Interaction design

On multi-tasking and future shock

With the internet overflowing with mostly similar takes on the iPad, I find these two pieces worth a read for their analysis of the reception of the iPad and how it may, through what is broadly perceived as defects or missing features, usher a change in the perception of ‘computing as usual’.

Frasier Speirs: Future Shock

“I’m often saddened by the infantilising effect of high technology on adults. From being in control of their world, they’re thrust back to a childish, mediaeval world in which gremlins appear to torment them and disappear at will and against which magic, spells, and the local witch doctor are their only refuges…
What you’re seeing in the industry’s reaction to the iPad is nothing less than future shock.
The tech industry will be in paroxysms of future shock for some time to come. Many will cling to their January-26th notions of what it takes to get “real work” done; cling to the idea that the computer-based part of it is the “real work”.
It’s not. The Real Work is not formatting the margins, installing the printer driver, uploading the document, finishing the PowerPoint slides, running the software update or reinstalling the OS.”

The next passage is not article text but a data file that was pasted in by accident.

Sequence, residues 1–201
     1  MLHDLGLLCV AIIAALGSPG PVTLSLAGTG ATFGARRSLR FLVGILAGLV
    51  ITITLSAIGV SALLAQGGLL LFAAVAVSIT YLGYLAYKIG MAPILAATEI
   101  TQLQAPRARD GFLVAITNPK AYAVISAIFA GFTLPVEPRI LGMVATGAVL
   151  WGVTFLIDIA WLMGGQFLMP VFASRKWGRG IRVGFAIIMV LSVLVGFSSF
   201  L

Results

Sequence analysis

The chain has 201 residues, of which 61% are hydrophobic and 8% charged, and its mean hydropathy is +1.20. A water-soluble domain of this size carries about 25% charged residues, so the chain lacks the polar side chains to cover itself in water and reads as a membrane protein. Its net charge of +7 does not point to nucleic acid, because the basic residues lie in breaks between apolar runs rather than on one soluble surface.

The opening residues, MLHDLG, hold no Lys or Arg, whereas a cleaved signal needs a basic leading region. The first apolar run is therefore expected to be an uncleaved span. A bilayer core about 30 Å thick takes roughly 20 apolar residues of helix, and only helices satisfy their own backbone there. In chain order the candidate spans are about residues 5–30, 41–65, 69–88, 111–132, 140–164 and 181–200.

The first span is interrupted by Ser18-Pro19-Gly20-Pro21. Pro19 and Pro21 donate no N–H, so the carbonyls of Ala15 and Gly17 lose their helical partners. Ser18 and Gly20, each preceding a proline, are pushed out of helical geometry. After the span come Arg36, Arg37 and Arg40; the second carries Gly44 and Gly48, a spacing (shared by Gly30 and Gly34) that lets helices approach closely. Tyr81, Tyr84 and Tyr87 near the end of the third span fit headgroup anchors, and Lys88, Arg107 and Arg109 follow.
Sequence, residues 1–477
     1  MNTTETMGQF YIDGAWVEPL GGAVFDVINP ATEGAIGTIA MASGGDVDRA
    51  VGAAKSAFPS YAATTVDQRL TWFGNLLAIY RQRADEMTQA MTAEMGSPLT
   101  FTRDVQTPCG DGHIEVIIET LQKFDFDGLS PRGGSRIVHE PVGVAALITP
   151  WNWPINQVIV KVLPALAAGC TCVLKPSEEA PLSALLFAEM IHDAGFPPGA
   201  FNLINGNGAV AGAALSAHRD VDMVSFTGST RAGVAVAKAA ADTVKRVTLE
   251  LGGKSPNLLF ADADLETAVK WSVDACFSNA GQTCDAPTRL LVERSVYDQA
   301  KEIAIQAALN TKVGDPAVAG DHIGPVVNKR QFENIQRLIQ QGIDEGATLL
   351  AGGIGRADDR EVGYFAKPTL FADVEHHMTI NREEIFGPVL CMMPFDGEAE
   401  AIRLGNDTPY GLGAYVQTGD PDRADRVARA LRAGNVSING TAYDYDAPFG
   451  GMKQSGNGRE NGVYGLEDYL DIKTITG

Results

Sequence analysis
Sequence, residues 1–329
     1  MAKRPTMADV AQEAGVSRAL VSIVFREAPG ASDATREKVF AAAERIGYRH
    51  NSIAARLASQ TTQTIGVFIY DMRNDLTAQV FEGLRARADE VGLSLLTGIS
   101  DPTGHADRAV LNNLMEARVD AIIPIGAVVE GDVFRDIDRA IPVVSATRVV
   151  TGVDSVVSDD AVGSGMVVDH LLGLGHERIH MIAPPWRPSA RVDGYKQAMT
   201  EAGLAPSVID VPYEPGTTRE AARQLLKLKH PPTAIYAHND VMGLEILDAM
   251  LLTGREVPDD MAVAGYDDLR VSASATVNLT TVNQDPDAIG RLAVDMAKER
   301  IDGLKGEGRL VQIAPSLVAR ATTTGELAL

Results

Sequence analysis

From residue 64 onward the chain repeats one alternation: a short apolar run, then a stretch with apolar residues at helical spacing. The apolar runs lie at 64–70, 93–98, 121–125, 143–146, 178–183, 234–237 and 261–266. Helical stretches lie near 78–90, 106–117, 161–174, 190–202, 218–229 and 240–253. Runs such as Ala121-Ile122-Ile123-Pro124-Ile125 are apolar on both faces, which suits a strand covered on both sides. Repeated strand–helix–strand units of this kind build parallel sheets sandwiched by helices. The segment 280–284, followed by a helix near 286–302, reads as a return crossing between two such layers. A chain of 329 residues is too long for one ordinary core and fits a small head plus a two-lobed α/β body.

Milind Alvares: Understanding Multi-tasking on the iPad: What is it really?

“… the iPad’s multi-tasking is more than just speed. It’s a brand new user interface bringing in a new a new workflow. Something that’s simple, logical, focussed, and human. It’s multi-tasking dictated by end goals. What are you trying to achieve on this device? The iWork applications exhibit completeness within the user interface, including the media browser, file manager, and I’m sure it can send those documents as attachments via email as well.”

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